NotesFAQContact Us
Collection
Advanced
Search Tips
Back to results
ERIC Number: ED565724
Record Type: Non-Journal
Publication Date: 2016
Pages: 20
Abstractor: ERIC
Reference Count: 9
ISBN: N/A
ISSN: N/A
How Does the Use of Concordant Scores Impact Admission Decisions? Research Report 2016-3
Marini, Jessica P.; Shaw, Emily J.; Young, Linda; Walker, Michael
College Board
College admission offices receive many different pieces of information on each applicant to their institution. The job of considering this information becomes further complicated when the information is not consistent across applicants. An example of one such complication is receiving SAT scores for some applicants and receiving ACT scores for other applicants. Educational measurement professionals have long recognized this conundrum and have produced concordance tables to provide a way to translate scores on the SAT to the ACT and vice versa (Pommerich, 2007). A concordance table ideally represents the correspondence between test scores that were not built to the same specifications but are similar with regard to content, have a strong relationship between scores on the tests, and where test performance is similar across demographic groups (Dorans, 2004). The concordant scores are then considered to be comparable but not equivalent. The current study takes a practical or applied approach to examine comparisons between the use of actual (native) scores versus concordant scores for admission decisions and also examines how interchangeable the native and concordant scores may be for predicting academic success in college Specifically, it examines the relationship between predictions of first-year grade point average (FYGPA) made by models using high school grade point average (HSGPA) and either actual admission test scores or concordant admission test scores. The results indicate that both scores (actual and concordant) make similar predictions of FYGPA. Furthermore, when concordant scores are used in a predictive model based on actual scores received, the predictions in FYGPA are the same. Results indicate that actual and concordant scores can, in this case, be used interchangeably and across students to predict college success as measured by FYGPA. The practical implications of these results, as they relate to the valid use of concordant scores in college admission decisions, will be discussed.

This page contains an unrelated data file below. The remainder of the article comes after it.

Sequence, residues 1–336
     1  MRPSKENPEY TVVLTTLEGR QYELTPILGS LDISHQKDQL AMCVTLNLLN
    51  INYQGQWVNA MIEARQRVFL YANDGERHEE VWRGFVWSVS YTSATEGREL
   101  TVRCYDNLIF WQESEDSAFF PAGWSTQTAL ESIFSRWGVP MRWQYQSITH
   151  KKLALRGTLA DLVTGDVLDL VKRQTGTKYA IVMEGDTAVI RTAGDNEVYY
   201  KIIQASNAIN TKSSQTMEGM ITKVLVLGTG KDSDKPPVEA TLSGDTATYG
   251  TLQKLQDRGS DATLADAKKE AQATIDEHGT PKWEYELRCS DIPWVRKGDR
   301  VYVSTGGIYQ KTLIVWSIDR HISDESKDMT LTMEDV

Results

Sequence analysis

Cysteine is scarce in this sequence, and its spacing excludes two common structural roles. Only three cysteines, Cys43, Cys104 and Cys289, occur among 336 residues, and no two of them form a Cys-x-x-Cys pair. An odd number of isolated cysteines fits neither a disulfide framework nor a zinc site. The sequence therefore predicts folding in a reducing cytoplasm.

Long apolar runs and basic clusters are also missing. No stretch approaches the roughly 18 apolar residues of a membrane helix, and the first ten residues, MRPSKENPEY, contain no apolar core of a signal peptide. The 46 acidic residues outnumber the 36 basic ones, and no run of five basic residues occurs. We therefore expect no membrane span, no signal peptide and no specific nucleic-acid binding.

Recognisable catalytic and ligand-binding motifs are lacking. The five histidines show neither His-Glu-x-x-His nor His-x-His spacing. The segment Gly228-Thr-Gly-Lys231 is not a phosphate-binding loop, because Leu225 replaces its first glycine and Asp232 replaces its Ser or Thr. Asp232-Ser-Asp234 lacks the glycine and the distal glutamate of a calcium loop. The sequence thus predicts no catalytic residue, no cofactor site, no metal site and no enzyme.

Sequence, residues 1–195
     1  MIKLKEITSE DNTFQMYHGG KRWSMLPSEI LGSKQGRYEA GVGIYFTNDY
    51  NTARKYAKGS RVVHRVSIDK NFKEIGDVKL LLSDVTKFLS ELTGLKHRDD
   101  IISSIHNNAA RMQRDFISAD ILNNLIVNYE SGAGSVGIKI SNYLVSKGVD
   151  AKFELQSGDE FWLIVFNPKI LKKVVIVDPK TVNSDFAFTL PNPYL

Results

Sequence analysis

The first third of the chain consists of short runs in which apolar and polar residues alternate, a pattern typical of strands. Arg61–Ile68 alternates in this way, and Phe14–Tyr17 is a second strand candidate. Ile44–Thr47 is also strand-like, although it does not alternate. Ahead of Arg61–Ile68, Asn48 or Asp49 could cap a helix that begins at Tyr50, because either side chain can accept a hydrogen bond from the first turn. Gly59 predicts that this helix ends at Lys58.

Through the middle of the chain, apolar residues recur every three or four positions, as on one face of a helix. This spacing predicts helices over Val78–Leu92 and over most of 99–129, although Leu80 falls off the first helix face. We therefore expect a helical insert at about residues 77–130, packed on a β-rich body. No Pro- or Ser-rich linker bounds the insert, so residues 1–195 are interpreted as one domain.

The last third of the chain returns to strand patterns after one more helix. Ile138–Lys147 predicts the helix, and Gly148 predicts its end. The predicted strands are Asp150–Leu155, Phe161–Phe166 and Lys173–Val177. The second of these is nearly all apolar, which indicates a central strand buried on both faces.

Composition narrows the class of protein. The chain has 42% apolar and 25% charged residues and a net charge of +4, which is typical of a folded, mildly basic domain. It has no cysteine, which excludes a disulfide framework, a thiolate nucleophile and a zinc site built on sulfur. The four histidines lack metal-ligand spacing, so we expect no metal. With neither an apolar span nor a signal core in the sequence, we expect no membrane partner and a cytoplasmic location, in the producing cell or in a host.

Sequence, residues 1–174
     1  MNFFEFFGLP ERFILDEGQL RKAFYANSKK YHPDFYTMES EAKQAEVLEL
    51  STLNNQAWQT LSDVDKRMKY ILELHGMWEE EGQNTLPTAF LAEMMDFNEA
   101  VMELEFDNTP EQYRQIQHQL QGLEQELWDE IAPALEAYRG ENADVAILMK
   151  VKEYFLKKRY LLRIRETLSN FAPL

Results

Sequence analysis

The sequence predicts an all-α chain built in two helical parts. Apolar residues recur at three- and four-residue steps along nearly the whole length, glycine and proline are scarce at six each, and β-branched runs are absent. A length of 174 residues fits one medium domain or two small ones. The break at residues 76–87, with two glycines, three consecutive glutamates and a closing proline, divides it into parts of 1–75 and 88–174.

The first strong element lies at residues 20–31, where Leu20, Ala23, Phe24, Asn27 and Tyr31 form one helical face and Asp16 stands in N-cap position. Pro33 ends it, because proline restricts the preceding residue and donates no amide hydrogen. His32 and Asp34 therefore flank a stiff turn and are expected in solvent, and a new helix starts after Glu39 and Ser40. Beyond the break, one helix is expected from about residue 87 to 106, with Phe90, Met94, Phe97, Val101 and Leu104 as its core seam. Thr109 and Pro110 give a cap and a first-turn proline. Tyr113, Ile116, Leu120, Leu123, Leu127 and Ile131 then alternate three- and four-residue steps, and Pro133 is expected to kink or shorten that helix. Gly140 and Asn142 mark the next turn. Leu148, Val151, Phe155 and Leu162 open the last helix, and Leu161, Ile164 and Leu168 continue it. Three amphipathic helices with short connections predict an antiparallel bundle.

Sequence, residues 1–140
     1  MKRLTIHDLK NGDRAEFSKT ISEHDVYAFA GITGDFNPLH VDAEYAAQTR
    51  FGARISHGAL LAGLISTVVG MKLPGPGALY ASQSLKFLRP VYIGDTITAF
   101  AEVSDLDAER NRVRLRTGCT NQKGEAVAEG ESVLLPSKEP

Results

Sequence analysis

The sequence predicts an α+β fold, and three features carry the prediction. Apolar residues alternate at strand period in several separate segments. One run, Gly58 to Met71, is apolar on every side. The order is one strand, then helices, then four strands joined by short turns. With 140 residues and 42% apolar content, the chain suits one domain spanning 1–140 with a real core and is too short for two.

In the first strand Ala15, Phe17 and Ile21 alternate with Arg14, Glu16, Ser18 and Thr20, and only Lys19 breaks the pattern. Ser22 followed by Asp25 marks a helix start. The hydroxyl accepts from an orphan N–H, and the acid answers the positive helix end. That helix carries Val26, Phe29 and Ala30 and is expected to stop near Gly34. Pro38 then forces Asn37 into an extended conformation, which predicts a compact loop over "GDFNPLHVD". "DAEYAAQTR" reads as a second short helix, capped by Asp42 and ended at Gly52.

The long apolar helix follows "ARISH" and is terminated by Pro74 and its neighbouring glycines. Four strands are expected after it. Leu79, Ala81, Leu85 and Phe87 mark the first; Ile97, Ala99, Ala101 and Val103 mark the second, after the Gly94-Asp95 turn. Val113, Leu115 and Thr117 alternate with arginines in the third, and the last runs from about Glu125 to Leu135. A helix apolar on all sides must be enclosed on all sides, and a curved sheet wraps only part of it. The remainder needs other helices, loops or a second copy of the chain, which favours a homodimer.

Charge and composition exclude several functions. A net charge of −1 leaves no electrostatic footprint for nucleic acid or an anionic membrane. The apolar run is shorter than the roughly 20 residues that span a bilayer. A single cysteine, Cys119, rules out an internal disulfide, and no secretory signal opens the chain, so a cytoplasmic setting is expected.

College Board. 250 Vesey Street, New York, NY 10281. Tel: 212-713-8000; e-mail: research@collegeboard.org; Web site: http://research.collegeboard.org
Publication Type: Reports - Research
Education Level: Higher Education; Postsecondary Education; High Schools; Secondary Education
Audience: N/A
Language: English
Sponsor: N/A
Authoring Institution: College Board
Identifiers - Assessments and Surveys: ACT Assessment; SAT (College Admission Test)